Before you can treat a disease or disorder, you have to detect it; and if you are trying to treat a tumor, you have to find it. All modern imaging methods rely on the interaction of radiated light or sound with tissue, and all of them originated in fundamental physics. Today, ultrasound, radiowaves and X-rays produce stunning high resolution images deep in tissue, antimatter (in the form of positron emission tomography or PET) is used daily at Duke Hospital to diagnose cancer, and X-ray/γ ray/ charged particle beams are used to kill diseased cells. Duke physicists play important role in the development of next-generation techniques, and in refining these techniques to make them clinically useful.
The role of physics in medical imaging and treatment falls into two broad categories. At one extreme, physicists develop next-generation techniques, applying quantum mechanics to extract molecular information is not commonly present in existing modalities. For example, at near infrared wavelengths, humans are not opaque; light can penetrate many centimeters into tissue (this is the basis of the finger clamp in a doctor’s office, which measures blood oxygenation and hemoglobin by transmission of light). If you put your hand in front of a light bulb, you will see the bones, but they will be blurred and distorted by light scattering. New optical methods which remove the effects of scattering, or compensate for its effects, have powerful and broad applications. Next-generation microscopes, using highly controlled laser light (such as shaped ultrafast laser pulses) can monitor biochemical reactions in vivo as they happen, or improve diagnosis in the pathologist’s office. Another example is nuclear magnetic resonance (NMR), which relies on once-esoteric nuclear physics (the existence of spin energy levels). Today NMR is the premier structural tool in chemistry, and its cousin magnetic resonance imaging (MRI) is an extremely important method for probing soft matter (including the human body). In addition, next-generation beam sources and detectors developed for fundamental nuclear physics often find their next application in medical imaging, for example to deliver targeted energy to a cancer deep inside the body without killing surrounding tissue; TUNL has had an active program for years in this direction.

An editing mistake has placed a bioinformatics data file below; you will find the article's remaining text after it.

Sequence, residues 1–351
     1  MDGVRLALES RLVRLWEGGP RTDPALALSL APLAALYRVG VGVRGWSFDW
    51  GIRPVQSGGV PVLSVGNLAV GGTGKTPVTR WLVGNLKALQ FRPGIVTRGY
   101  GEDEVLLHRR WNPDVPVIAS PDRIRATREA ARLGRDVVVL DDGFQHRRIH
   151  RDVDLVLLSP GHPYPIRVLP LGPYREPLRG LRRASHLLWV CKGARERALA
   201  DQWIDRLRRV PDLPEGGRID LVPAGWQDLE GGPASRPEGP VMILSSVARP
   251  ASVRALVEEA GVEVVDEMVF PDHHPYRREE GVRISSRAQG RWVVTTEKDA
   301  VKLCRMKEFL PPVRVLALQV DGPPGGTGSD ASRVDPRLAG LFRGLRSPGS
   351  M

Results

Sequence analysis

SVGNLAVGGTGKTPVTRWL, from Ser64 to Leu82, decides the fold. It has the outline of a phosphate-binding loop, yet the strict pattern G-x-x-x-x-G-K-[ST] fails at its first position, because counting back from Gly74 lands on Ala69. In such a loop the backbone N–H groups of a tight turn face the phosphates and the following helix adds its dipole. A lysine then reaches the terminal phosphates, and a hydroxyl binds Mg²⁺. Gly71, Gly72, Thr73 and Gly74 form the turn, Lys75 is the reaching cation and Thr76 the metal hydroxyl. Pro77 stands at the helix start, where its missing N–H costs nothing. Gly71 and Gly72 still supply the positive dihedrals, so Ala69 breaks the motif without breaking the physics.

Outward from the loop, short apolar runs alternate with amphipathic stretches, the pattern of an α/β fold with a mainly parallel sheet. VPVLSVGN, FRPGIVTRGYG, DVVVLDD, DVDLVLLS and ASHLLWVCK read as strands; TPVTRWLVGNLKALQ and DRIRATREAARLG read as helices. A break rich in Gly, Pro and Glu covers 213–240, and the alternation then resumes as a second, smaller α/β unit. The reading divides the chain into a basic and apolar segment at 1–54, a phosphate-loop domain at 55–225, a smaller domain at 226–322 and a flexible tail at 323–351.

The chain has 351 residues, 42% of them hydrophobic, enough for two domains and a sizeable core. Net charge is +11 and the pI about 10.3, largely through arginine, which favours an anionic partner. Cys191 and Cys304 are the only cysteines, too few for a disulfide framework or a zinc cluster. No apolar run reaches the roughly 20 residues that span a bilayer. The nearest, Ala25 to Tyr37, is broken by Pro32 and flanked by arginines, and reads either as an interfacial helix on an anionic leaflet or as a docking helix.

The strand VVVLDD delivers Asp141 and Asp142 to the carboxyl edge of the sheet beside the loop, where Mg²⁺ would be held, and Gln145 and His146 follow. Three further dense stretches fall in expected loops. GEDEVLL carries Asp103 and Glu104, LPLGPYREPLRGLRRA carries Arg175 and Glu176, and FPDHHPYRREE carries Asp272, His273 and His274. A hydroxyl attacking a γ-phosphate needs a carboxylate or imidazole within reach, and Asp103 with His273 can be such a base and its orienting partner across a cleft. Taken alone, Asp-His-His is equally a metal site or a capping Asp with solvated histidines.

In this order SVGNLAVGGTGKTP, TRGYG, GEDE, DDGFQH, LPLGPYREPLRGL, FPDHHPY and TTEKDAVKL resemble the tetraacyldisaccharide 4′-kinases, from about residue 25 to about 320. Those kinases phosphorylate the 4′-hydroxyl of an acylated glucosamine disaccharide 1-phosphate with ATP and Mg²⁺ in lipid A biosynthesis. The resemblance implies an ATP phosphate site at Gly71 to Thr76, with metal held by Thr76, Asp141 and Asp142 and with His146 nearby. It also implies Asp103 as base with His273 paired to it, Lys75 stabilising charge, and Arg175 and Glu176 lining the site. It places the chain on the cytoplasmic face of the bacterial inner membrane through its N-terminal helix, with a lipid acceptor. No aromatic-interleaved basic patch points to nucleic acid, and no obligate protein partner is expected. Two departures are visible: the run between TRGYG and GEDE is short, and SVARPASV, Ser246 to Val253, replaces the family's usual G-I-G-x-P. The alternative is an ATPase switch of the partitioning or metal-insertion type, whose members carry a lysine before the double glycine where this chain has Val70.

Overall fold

This work is of course highly interdisciplinary; in fact, one Duke Radiology professor and one BME professor are Duke Physics PhD graduates. Duke faculty are leaders in magnetic resonance hyperpolarization technologies which promise to drastically alter this field over the next decade; for example, an MRI in an ambulance, powered by a car battery, no longer looks crazy. We also pioneer in development of new methods for optical imaging (such as in the ALIS@Duke facility mentioned earlier). Researchers at TUNL have been developing next-generation neutron imaging methods, which could provide a nice complement to X-ray approaches, as neutron scattering cross-sections are different from X-ray scattering cross-sections. Many faculty members in biomedical engineering work on closely related ideas, including device development for resource-limited (Third World) healthcare.
The gap between producing an image which is useful to physicists (who usually have well-defined, controlled, and reproducible samples) and producing an image useful to clinicians (who do not) is vast; so is the gap between producing a particle beam and safely applying it to a patient. For this reason, at the other extreme, Duke Physics works closely with the Medical Physics program (centered in School of Medicine), where a major thrust is validation, refinement, and coregisteration of existing imaging and treatment modalities to make them clinically useful. Thus medical physics provides the technical foundations of radiology, radiation oncology, and nuclear medicine; it is built on a foundation of physics, but with distinct body of knowledge and scholarship. It is the largest degree-granting Medical Physics program in the country, and currently is one only four degree-granting programs as part of Duke-Kunshan University.
Experimental approaches overlap significantly between medical imaging, biophysics, and materials science. These approaches also provide the core underpinning of newly evolving fields, such as molecular imaging and theranostics (the combination of diagnostics and therapy at the same time).